Episode 2 Scene 1
Shit. Back in the military again. I was getting bounced around the back of an army transport truck heading to who-knows-where. The truck’s suspension was OK, but the concept of road maintenance was as dead as a cop’s conscience, and my ass was getting rattled off. The two pricks who’d press-ganged me were sitting up front in the cab, and it was just me and a medic in the back. He’d given me excellent drugs and my roughly stitched-together head was feeling no pain. Not everything about the army is bad.
The truck hit a smoother piece of asphalt, and the juddering was replaced by an annoying whirring from the off-road tires. I judged that now was the time to test out my conversation skills.
“Where are we going?”
“Back to base, I guess.”
“You don’t know, then,” I stated.
“Shit, you’ve been in the military,” said the medic. “Since when does anybody tell the grunts what’s going on?”
The man had a point. Ever since The Blink, communities and information had become tighter. The military had been like this forever, and since the changes, informational control had gotten stricter.
“OK, where’s base then?”
The guy scrunched up his face and shook his head. “What the hell does it matter?”
“Canada, the US?” I tried again.
The guy got a puzzled look on his face. “Where the hell have you been the last few years?”
“Around, you know, going from place to place.”
My headache was returning. I was failing the conversation test.
“Oh, you’re one of those walk-the-earth dudes, a gun for hire, never stays in one place for too long. Shit, maybe they can write a song about you.”
Christ. The prick had an attitude. “So what is it, a Canadian or US base?”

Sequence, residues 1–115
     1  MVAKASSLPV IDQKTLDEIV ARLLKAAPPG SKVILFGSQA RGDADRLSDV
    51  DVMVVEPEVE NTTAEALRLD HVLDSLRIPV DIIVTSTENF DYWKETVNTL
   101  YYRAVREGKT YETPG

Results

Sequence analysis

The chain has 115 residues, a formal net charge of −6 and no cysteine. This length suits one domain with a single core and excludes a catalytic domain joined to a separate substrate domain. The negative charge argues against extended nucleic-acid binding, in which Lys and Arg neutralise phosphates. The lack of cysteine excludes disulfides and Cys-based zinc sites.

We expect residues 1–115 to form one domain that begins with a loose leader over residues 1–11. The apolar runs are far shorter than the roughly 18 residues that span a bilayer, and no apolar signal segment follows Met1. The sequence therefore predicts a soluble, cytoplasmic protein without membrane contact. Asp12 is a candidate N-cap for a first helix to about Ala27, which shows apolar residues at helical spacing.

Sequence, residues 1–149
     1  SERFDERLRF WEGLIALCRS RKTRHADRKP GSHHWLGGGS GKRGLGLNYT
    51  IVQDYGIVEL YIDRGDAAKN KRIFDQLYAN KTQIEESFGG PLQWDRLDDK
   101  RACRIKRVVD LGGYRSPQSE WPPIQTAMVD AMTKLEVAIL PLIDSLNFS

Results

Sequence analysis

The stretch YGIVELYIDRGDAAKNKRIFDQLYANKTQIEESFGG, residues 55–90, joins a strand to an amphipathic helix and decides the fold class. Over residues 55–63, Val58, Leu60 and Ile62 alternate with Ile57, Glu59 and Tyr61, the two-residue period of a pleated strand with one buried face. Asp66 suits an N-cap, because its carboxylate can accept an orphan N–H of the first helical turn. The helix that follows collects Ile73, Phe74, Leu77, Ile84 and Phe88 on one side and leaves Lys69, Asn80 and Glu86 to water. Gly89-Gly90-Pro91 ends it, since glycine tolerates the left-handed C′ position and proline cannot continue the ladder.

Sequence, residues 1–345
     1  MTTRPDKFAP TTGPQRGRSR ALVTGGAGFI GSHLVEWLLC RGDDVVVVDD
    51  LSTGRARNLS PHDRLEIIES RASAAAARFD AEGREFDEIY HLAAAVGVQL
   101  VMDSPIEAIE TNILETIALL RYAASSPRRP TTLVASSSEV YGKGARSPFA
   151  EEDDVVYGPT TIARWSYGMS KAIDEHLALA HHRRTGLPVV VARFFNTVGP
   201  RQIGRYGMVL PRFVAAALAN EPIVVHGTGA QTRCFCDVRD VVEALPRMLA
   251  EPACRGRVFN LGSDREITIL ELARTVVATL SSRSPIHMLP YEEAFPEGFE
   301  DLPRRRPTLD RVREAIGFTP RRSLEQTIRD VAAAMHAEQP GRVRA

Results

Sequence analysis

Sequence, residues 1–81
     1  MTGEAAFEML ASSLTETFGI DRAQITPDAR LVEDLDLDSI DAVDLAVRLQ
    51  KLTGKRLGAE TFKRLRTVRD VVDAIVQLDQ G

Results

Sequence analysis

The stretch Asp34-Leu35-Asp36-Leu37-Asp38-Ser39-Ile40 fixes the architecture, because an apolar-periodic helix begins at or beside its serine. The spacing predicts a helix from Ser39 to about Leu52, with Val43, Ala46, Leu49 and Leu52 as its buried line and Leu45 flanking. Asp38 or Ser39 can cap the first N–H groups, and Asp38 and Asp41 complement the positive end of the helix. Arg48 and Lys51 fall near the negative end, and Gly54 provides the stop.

He sighed. “Personnel’s about evenly split, some Canadian, some American, some military, some civilian.”
“And you?” I asked.
“Short history. Medic in the marines, ambulance driver in reality, and back to medic in this time-screwed shithole.”
He sighed again and took a deep breath. “What about you?”
Excellent, he’s warming up to me—the Trevayne charm at work.
“Army, then cop,” I began. “Then I guess I started to walk the earth.”
He laughed. “Listen, Gunslinger, while you’ve been off saving the planet, some of the armed forces banded together with civilian groups to try and get order outside of the cities. Geography, countries are not so important.”
“So, countries don’t exist?”
Shit, I knew I wasn’t keeping up with the news, but I thought I’d have heard of this. The tires continue their annoying buzz. The medic removes his cap and runs a hand through greasy hair.
“Man,” he said, shaking his head and ignoring my question. “You must be important.”
“We’ve spent the last few weeks traipsing across God’s green earth looking for someone that took on a Scyther and survived.”
“Yeah, well, now you’ve found me.”
“That we have, Gunslinger,” he sighed, squeezing his cap on and leaning back. “Aren’t we the lucky ones?”